One particular use is in "instant" puddings, sauces and creams. Ulva lactuca (common name: sea lettuce), is used locally in Scotland where it is added to soups or used in salads. Alaria esculenta (common name: badderlocks or dabberlocks), is used either fresh or cooked, in Greenland, Iceland, Scotland and Ireland.

The oil from some algae have high levels of unsaturated fatty acids. Arachidonic acid (a polyunsaturated fatty acid), is very high in Parietochloris incisa, (a green alga) where it reaches up to 47% of the triglyceride pool (Bigogno C et al. Phytochemistry 2002, 60, 497). [16] [17]

Other uses

There are also commercial uses of algae as agar.[21]

The natural pigments produced by algae can be used as an alternative to chemical dyes and coloring agents.[18] Many of the paper products used today are not recyclable because of the chemical inks that they use, paper recyclers have found that inks made from algae are much easier to break down. There is also much interest in the food industry into replacing the coloring agents that are currently used with coloring derived from algal pigments. In Israel, a species of green algae is grown in water tanks, then exposed to direct sunlight and heat which causes it to become bright red in color. It is then harvested and used as a natural pigment for foods such as Salmon. [19]

Alginates

Between 100,000 and 170,000 wet tons of Macrocystis are harvested annually in California for alginate extraction and abalone feed.[20] [21]

Further references to the uses

  • Guiry, M.D. and Blunden, G. (Eds) 1991. Seaweed Resources in Europe: Uses and Potential. John Wiley & Sons. ISBN 0-471-92947-6
  • Mumford, T.F. and Miura, A. 1988. 4. Porphyra as food: cultivation and economics. p.87 — 117. In Lembi, C.A. and Waaland, J.R. (Ed.) Algae and Human Affairs. 1988. Cambridge University Press. ISBN 0 521 32115 8

History of Phycology

Main article: History of phycology

Collecting and preserving specimens

Seaweed specimens can be collected and preserved for research. Such preserved specimens will keep for two or three hundred years. Those of Carl von Linné (1707 — 1778) are still available for reference, and are used. Specimens may be collected from the shore; those below low tide must be collected by diving or dredging. The whole algal specimen should be collected, that is the holdfast, stipe and lamina. Specimens of algae reproducing will be the more useful for identification and research. When collected the details of the location and site should be noted. They can then be preserved pressed on paper or in a preserving liquid such as alcohol or solution of 5 per cent formalin/seawater. However, formalin is reported to be carcinogenic.[12]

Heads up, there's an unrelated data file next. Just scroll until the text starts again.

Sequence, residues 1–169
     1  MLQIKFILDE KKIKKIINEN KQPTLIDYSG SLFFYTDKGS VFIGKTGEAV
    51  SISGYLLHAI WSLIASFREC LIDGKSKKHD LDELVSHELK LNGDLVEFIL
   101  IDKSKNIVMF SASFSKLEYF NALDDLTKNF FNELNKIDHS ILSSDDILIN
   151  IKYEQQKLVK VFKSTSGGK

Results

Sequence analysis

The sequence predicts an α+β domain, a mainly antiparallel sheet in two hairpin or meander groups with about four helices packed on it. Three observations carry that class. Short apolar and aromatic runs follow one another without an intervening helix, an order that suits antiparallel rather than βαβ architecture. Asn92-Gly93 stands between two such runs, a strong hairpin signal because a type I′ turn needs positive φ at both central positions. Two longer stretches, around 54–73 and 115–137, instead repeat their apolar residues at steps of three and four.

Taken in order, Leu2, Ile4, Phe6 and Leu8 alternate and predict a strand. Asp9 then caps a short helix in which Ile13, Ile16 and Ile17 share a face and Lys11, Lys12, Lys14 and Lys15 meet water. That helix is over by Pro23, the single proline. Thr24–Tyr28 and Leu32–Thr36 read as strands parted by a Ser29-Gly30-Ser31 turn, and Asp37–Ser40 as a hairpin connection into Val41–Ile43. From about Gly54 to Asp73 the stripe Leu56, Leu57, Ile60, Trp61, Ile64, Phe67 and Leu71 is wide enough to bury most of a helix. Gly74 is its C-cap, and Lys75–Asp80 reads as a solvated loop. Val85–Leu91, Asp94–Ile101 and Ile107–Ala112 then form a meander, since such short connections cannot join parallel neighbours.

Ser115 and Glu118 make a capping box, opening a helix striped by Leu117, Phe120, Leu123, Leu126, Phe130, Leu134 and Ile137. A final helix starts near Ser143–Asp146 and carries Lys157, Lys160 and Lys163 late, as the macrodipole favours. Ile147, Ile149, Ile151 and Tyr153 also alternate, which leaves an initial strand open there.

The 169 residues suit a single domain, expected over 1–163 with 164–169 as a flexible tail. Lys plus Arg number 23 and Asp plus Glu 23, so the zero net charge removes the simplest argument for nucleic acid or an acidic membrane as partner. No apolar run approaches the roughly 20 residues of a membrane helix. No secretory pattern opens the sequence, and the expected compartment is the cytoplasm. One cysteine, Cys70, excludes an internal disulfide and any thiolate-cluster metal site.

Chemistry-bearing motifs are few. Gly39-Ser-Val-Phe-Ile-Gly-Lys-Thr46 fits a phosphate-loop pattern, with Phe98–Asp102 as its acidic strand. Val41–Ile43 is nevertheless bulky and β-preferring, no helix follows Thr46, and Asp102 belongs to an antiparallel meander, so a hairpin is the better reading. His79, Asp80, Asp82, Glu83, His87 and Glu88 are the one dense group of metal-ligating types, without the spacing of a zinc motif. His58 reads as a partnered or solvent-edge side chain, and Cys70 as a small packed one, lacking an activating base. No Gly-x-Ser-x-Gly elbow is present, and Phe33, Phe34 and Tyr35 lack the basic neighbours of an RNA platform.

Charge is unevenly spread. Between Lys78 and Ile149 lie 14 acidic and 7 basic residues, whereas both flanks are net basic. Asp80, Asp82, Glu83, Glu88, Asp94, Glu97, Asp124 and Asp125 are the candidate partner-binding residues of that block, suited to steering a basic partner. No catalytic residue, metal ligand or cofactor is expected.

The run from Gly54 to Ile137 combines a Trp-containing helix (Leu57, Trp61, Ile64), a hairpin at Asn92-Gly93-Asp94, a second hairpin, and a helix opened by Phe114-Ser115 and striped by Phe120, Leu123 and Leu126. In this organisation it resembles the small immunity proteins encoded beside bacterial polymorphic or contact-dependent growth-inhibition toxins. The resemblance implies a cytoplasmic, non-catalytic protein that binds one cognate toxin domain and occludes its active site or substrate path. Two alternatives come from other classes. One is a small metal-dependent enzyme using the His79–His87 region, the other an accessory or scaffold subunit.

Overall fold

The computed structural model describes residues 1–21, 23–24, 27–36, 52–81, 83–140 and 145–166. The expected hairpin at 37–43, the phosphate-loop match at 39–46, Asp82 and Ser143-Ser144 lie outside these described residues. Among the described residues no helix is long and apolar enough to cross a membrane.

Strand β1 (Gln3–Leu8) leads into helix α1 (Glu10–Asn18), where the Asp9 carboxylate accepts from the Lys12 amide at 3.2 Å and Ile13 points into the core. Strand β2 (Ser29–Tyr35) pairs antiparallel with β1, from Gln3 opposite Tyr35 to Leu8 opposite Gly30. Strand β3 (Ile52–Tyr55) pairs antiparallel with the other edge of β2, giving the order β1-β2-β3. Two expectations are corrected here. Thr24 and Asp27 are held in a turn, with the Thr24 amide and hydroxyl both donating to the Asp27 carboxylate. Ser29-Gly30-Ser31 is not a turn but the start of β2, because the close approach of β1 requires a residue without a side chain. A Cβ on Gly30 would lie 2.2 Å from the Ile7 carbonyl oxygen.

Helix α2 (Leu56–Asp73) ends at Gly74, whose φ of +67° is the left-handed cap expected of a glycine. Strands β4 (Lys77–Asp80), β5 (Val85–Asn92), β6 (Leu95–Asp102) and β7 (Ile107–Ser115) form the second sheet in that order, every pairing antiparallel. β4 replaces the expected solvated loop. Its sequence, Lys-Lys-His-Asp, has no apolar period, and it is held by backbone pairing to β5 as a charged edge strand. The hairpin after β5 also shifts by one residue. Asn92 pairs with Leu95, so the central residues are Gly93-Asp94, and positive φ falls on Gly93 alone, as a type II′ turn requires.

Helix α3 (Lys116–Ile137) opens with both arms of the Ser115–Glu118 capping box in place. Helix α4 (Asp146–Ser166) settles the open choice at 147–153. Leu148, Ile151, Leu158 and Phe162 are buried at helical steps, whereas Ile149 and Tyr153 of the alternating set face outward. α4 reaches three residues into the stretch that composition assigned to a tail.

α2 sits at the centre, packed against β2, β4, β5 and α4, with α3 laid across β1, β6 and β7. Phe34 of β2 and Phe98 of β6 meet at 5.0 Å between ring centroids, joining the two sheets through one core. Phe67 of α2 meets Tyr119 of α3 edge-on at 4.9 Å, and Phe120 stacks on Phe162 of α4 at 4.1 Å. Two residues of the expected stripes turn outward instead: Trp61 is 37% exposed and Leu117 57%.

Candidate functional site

Ecology

Biological Exposure Scale

The ecology of the shores of the British Isles, including a discussion of the different shores from sheltered to exposed along with an exposure scale, is given by Lewis (1964).[24] An exposure scale of five stages is given:- Very Exposed Shores; Exposed Shores; Semi-exposed Shores; Sheltered Shores and Very Sheltered Shores. Factors indicating the differences between these exposure scales are detailed. Very Exposed Shores have a wide Verrucaria zone entirely above the upper tide level, a Porphyra zone above the barnacle level and Lichina pygmaea is locally abundant. The eulittoral zone is dominated by barnacles and limpets with a coralline belt in the very low littoral along with other Rhodophyta and Alaria in the upper sublittoral. Exposed shores show a Verrucaria belt mainly above the high tide, with Porphyra and Lichina pygmaea. The mid shore is dominated by barnacles, limpets and some Fucus. Some Rhodophyta. Himanthalia and some Rhodophyta such as Mastocarpus and Corallina are found in the low littorral with Himanthalia, Alaria and Laminaria digitata dominant in the upper sublittoral. The semi-exposed shores show a Verrucaria belt just above high tide with clear Pelvetia in the upper-littoral and Fucus serratus in the lower-littoral. Limpets, barnacles and short Fucus vesiculosus midshore. Fucus serratus with Rhodophyta, (Laurencia, Mastocarpus, Rhodymenia and Lomentaria). Laminaria and Saccorhiza polyschides and small algae common in the sublittoral. The sheltered shores show a narrow Verrucaria zone at high water and a full sequence of fucoids: Pelvetia, Fucus spiralis, Fucus vesiculosus, Fucus serratus Ascophyllum nodosum. Laminaria digitata is dominant the upper sublittoral. The very sheltered shores show a very narrow zone of Verrucaria, the dominance of the littoral by a full sequence of the fucoids and Ascophyllum covering the rocks. Laminaria saccharina, Halidrys, Chondrus and or Furcellaria.[24]

Common names

Chorda filum Sea lace[25]

Colpomena peregrina Oyster thief[25]

Laminaria Orwaeed[25]

Laminaria digitata Tangle[25]

Laminaria hyperborea Curvie[25]

Laminaria saccharina Sea belt[25]

Ulva lactuca Sea lettuce[25]

Examples

Atractophora hypnoides P.L.Crouan and H.M.Crouan (red algae)

Ascophyllum nodosum

Charales (green algae)

Codium

Fucus

Ulva lactuca

Laminaria

Lemanea

Macrocystis

Mastocarpus stellatus

Pelvetia canaliculata

Palmaria palmata

Porphyra

Postelsia palmaeformis

See also

References

Cited references

  1. Allaby, M ed. 1992. The Concise Dictionary of Botany. Oxford University Press, Oxford
  2. 2.0 2.1 2.2 2.3 Round, F.E. 1981. The Ecology of Algae. Cambridge University Press, London. ISBN 0 521 22583 3
  3. Margulis, L., Corliss, J.O., Melkonian,M. and Chapman, D.J. 1990. Handbook of Protoctista. Jones and Bartlett, Boston ISBN 0 86720 052 9
  4. http://www.ecology.com/dr-jacks-natural-world/most-important-organism/index.html
  5. http://www.ucmp.berkeley.edu/bacteria/cyanolh.html